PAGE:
May 5, 2006

Needle-free testing may boost marrow registry

Featured Image

Stefany Williams, 7, left, received a cord blood transplant in 2004, while her sister Emarie, 3, awaits a transplant hopefully this summer. Both girls were diagnosed with Myelodysplastic Syndrome.
Photo courtesy of the Williams family

Needle-free testing may boost marrow registry

The National Marrow Donor Program (NMDP) just made signing up on its registry a whole lot easier.

Officials say the number of potential marrow donors should rise with the introduction of the buccal swab as an alternative method for tissue typing. This involves swabbing the inside of the cheek rather than drawing blood.

“The NMDP began using buccal swabs in April of this year,” said Helen Ng, NMDP spokesperson. “It makes it easier for the donor to use when joining the registry. It provides increased flexibility for donors.”

Nashville will be one of the first locations in the country to use the swab during the national Thanks Mom! Marrow Donor Recruitment Drive on Mother's Day Weekend, set for Saturday, May 13, from 10 a.m. to 3 p.m. at the Hospital Hospitality House, 214 Reidhurst Ave. (behind Logan's restaurant off Elliston Place.)

More than 35,000 children and adults are diagnosed with a life-threatening blood disorder each year. For many of these patients, a stem cell transplant is the only chance for survival. But for those in need of a transplant — and with no suitable donor within their own family — the NMDP helps to locate a donor.

The buccal swab will be used in place of drawing blood from a vein or finger sticks. The cotton-tipped swab will be used to collect cheek cells from inside the mouth and has been proven reliable, fast, convenient and painless.

The local drive is in honor of Emarie Williams, 3, of Cookeville.

Her transplant will be the second that the family has faced. Her older sister, Stefany, now 7, received a successful cord blood transplant in 2004. Both girls were diagnosed with Myelodysplastic Syndrome (MDS). Transplant is the only hope for a cure.

MDS is a pre-leukemic state that is more common in adults. The marrow in these patients is usually defective and the majority of patients will go on to develop a form of leukemia called Acute Myelogenous Leukemia (AML) if a transplant is not performed.

A cord blood match was located for Stefany and she had her transplant on Nov. 17, 2004. Now the first-grader at Cane Creek Elementary School is an honor roll student.

But last year while taking her children in for physicals, Maria Williams noticed a familiar scenario — bruising, with the addition of petachiae, pin-sized sites of bleeding in the skin seen with very low platelet levels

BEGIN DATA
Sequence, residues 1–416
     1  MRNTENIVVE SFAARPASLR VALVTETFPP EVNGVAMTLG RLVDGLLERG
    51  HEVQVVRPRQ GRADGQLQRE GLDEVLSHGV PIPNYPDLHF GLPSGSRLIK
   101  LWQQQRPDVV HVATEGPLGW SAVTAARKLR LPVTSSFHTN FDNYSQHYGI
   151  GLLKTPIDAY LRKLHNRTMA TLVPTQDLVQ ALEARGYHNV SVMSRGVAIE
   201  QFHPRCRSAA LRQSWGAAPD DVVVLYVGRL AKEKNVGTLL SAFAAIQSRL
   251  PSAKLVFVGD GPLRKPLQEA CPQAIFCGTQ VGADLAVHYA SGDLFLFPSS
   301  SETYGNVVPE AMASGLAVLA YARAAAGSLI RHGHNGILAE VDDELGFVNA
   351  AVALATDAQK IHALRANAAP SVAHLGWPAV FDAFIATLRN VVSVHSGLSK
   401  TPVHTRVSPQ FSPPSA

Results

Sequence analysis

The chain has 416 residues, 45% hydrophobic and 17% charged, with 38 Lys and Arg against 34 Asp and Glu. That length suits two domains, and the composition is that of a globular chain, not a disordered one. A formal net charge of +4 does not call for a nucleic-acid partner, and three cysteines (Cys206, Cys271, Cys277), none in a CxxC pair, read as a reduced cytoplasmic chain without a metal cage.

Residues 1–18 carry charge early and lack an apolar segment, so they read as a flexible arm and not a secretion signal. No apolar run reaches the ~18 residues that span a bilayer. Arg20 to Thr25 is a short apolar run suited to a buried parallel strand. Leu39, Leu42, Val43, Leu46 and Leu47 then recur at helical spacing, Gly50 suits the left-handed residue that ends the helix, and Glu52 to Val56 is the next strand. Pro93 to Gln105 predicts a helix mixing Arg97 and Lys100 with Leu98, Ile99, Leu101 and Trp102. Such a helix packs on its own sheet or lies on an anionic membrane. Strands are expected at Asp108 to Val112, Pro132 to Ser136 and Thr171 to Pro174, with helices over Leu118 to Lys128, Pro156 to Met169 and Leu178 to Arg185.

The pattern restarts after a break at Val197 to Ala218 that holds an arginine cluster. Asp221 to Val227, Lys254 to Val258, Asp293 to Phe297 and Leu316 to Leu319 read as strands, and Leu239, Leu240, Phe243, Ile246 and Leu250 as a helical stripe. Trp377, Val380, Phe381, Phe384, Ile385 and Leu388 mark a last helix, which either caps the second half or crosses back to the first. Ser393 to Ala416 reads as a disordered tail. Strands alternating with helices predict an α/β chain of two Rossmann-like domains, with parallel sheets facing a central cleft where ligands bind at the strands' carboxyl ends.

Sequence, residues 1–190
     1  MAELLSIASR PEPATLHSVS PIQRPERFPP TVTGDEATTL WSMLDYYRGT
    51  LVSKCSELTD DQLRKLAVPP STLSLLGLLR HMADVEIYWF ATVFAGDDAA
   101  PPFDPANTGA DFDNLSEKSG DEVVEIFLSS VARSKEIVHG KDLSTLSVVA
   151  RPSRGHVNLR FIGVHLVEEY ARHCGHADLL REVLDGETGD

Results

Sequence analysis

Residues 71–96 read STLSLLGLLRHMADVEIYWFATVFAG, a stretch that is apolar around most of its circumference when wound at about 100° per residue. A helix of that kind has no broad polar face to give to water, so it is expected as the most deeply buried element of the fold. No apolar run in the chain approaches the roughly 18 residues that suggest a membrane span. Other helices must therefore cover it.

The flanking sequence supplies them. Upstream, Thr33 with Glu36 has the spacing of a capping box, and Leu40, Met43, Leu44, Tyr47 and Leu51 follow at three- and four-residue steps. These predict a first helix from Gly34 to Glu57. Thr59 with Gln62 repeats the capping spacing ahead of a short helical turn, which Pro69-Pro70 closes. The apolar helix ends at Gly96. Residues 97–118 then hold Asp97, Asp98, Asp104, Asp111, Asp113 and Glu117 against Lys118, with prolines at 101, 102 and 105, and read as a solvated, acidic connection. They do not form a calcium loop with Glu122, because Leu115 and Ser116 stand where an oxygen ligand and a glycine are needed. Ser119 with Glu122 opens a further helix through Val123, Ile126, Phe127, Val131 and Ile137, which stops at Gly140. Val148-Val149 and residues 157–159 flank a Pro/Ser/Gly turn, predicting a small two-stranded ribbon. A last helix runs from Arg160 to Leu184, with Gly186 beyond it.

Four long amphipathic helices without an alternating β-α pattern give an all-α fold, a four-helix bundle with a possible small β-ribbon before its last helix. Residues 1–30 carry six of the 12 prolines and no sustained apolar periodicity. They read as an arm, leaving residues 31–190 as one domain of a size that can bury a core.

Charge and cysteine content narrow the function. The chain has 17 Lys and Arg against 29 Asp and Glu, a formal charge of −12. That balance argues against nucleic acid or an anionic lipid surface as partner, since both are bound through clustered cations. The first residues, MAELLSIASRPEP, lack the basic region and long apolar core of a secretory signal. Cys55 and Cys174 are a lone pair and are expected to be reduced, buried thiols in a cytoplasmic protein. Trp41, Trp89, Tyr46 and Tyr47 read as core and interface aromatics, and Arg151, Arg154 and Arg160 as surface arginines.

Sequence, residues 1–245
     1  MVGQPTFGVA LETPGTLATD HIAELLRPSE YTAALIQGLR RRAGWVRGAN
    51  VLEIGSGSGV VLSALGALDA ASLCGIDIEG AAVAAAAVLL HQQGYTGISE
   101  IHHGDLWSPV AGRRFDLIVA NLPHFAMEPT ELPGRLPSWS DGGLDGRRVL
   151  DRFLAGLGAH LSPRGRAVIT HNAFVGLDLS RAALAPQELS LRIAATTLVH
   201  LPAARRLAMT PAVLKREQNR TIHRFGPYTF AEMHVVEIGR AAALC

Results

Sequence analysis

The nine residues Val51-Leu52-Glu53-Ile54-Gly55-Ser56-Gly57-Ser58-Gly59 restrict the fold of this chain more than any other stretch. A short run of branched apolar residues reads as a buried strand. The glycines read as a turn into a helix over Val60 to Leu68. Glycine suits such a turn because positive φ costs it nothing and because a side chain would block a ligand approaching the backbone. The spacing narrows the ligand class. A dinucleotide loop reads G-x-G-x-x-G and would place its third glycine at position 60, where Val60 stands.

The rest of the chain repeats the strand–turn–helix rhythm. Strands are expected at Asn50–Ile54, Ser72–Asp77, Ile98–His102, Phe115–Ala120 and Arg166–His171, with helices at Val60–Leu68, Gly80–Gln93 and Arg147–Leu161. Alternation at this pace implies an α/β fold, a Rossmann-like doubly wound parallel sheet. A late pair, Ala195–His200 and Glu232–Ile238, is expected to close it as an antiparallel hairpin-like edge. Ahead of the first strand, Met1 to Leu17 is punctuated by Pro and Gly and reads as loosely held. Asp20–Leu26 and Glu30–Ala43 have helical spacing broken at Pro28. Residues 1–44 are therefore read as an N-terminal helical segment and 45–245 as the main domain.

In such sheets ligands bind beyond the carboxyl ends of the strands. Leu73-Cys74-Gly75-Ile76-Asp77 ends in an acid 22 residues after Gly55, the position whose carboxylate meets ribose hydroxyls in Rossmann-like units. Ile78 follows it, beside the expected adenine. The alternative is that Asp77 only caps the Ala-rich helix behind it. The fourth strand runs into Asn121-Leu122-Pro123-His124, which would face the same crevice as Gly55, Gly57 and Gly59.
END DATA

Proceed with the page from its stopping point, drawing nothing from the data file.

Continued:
“I looked at the folks in the pediatrician's office and asked, 'could you please check her blood for me?' It was the same as Stefany's. Her platelets came back low. We retested it, and it came back low a couple of days later.

“I admit I just freaked out at that point. I immediately called Vanderbilt crying. They were so kind and said bring her in the next day and we'll check it.

“There was a whole lot of prayer during this time,” said Williams. “In January the biopsy came back with 10 percent blasts. It still was not at a level to be called cancer, but it prompted the search for a donor for Emarie. We all just sat there shaking our heads. It was total disbelief.”

Although the NMDP has located a potential donor and has tentatively scheduled Emarie for a transplant at the end of May, Williams said the searche continues for a better match.

The Williams children are of mixed ancestry, which places them among the minority groups with a disproportionate number of donors on the national registry. Although it is possible for patients to match a donor from any racial or ethnic group, the most likely match is from someone of their own ethnicity.

Anyone between 18-60 years old, who meets the medical criteria and is committed to assisting any patient in need, can join the national registry. A short questionnaire is completed followed by a swab of cheek cells to determine tissue type to be matched against patients who need a donor. During this time, all volunteers are educated about the fact that needles will be used should additional blood samples be required if a potential recipient is located.

The registration process is simple.

“Please seriously consider becoming a donor and tell your friends, neighbors, everyone,” said Williams. “Less than 20 minutes can give my child a lifetime.”